Past Tension

Thanks for the official stylistic clarification, Robert. I'd previously written book/episode summaries in present tense, but seeing so many in past tense here, it appeared the standard was different. I should've stuck by my own, it seems.--Apcog 00:47, 28 November 2007 (UTC)

There is no standard which has been discussed and agreed upon. We briefly discussed it somewhere in the last month or two, but I don't remember where that was, and it wasn't an "authoritative" discussion because it had too few people involved and no consensus was reached. I strongly prefer past tense for all fiction stuff. It makes no sense at all to me to write a character history in past tense but then write the summary of those same events in present tense in a different article. I also think, as I said before wherever that was, that present-tense summaries often, if not usually, sound unsophisticated, as if they were written by 10-year-olds. --Steve-o 05:50, 28 November 2007 (UTC)
I wish I could give a clearly delineated reason for it, but episode and issue summaries in past tense sound really, really strange and off to me. It fits with the immediacy of watching the events unfold before you. The selectively edited nature of character histories doesn't need that.
Anyways, the Help edits I made reflect what seemed to be the most common standards used on the pages that are already up. I had no idea there was any debate over it. -- Repowers 06:44, 28 November 2007 (UTC)
I'm with Rob on this one - there's just a really strange "sound" to a past tense summary of an issue or episode to me. It makes sense that our character articles should be written in past tense, since we write them "in-universe" as if they're about real characters (a la the Official Handbook of the Marvel Universe, for example), since when you write a biography about a real person, you write it in the past tense, because, naturally, it has already happened. But when it comes to single episodes or issues, we single them out by title in their very namespace, thereby openly acknowledging that they are individual pieces of fiction, rather than a piece of "real" history. And when you summarize a work of fiction, the present tense is... well, it's just the standard. The work exists in a sort of (to steal a term from Wikipedia) "perpetual present tense"; the work "comes alive" as you read it - as Rob says, the present tense conveys that immediacy as the events are unfolding in front of you. Well, that's my two cents, anyway. - Chris McFeely 23:29, 28 November 2007 (UTC)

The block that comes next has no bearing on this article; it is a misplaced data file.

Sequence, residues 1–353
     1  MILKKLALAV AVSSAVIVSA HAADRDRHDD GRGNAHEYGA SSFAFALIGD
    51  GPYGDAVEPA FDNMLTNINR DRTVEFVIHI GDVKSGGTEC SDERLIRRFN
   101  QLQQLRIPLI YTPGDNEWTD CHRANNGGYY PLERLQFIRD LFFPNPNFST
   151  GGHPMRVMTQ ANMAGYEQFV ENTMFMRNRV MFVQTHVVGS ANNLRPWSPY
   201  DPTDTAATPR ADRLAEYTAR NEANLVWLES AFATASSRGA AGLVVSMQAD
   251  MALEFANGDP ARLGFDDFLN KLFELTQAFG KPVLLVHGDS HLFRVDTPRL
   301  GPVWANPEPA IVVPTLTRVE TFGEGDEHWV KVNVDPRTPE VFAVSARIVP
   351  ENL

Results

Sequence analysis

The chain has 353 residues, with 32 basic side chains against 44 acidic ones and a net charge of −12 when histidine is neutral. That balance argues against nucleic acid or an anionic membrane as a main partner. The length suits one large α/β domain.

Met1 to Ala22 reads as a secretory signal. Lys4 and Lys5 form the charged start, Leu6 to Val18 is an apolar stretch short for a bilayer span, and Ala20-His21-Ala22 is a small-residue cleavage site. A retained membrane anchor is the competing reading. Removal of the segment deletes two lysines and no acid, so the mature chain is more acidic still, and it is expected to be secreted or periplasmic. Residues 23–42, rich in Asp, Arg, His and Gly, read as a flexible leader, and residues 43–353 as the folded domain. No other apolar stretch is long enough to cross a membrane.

Chris has pretty much put his finger on it, Steve. The literary standard for summarizing a work of fiction is to put it in the present tense, since the timeframe of the events, within the context of that isolated work of fiction, never changes. (Naturally, any events that take place in the past relative to the story are described in past tense.) Past tense in character histories makes sense because we're not describing a single work of fiction--a single episode or issue--but an entire story which has already occurred in a character's "lifetime", as it were. Using present tense sounds unsophisticated to me when it's used within a narrative itself, unless it's obviously a stylistic choice. In those cases, present tense works for play-by-play commentary and stage directions, but sounds weird otherwise. Naturally, narrative or summaries switching haphazardly between past and present tense is Bad Form™.--Apcog 03:46, 29 November 2007 (UTC)
I'm gonna fourth this. --M Sipher 06:37, 29 November 2007 (UTC)
That's pretty much my understanding of it as well. --ItsWalky 06:50, 29 November 2007 (UTC)

There is no meaningful difference between "the story of this guy's life" and "the story of a few days in a bunch of people's lives". They are both stories. They both involve many characters. They are both written in-universe on this site, not as if they are mere stories, so they are equally "historical". They both "already happened" unless there is no more-recent story. The interconnected stories that make up a character's history are a single work of fiction, frequently by design and at the least by our interpretation of them.